Date of Original Version
Velocity and temperature measurements from the bottom boundary layer (BBL) over the Eastward Scarp of the Bermuda Rise in water depth of 4620 m show little variability over an 8‐month period. The free‐stream flow 62 m above the bottom was south‐southeasterly following the isobaths in the region with an average speed of 22 cm/s. The current vector in the BBL rotated an average of 5° in a counterclockwise sense between 62 and 0.8 m above the bottom. The thickness of the BBL was ∼40 m and the average magnitude of the bottom stress was ∼0.7 dynes/cm2. Mean speed profiles, height of the BBL, and the magnitude of the bottom stress predicted by a model compare favorably with the observations, but the model predicts a rotation of the current vector between 62 and 0.8 m more than twice that measured. The time‐dependent nature of the flow field is also reproduced by the model. The Bermuda Rise data and speed profile measurements at the base of the Scotian Rise show that the M2 clockwise polarized tide is damped more than the mean current as the bottom is approached in the BBL. This phenomenon is reproduced by the model and can be explained by differing effective Ekman layer thicknesses associated with tidal and steady components of the flow.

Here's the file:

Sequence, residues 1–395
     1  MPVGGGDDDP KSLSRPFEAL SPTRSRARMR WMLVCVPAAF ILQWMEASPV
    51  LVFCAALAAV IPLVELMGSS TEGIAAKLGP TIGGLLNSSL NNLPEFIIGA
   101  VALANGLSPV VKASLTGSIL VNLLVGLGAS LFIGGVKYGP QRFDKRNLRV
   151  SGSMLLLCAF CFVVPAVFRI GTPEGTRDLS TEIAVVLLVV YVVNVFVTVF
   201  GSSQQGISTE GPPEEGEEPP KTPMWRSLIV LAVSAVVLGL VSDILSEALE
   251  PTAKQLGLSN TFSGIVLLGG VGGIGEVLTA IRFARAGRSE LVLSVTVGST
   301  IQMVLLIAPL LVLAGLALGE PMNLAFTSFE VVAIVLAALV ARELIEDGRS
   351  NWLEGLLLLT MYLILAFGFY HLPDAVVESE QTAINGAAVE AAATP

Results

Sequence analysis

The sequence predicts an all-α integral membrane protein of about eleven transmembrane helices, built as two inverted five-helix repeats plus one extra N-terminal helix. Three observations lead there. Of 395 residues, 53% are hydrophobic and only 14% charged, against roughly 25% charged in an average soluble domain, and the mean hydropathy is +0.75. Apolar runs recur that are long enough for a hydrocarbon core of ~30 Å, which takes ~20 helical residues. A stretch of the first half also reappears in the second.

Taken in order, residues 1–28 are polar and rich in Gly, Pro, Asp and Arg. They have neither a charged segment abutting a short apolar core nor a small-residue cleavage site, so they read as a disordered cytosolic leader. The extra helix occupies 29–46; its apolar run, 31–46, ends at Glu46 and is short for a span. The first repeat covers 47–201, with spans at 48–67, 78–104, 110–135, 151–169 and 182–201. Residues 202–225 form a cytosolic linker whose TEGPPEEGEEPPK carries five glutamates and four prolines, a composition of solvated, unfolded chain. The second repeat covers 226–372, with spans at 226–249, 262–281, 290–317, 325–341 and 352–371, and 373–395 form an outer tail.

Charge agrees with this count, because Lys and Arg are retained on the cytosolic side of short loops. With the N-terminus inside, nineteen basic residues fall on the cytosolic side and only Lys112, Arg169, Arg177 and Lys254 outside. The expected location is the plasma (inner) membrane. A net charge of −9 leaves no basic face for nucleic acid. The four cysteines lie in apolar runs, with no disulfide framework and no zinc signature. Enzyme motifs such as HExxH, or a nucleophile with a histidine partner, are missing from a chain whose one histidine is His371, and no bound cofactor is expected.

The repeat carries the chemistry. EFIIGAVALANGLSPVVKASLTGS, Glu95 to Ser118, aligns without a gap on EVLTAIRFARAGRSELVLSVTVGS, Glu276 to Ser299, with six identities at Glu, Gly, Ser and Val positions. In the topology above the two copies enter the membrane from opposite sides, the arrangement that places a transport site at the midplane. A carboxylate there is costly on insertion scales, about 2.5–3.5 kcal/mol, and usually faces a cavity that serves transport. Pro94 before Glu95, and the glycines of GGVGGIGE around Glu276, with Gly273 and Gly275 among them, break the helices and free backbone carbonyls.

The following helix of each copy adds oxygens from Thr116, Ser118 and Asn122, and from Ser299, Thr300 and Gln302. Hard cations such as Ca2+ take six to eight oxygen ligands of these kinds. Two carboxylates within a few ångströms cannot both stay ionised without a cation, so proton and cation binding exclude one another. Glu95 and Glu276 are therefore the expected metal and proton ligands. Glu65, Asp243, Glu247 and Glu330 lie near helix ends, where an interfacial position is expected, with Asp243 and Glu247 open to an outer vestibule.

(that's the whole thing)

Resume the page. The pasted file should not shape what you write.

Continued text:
Bird, A. A., Weatherly, G. L., and Wimbush, M. ( 1982), A study of the bottom boundary layer over the Eastward Scarp of the Bermuda Rise, J. Geophys. Res., 87( C10), 7941– 7954, doi: 10.1029/JC087iC10p07941.
Available at: https://doi.org/10.1029/JC087iC10p07941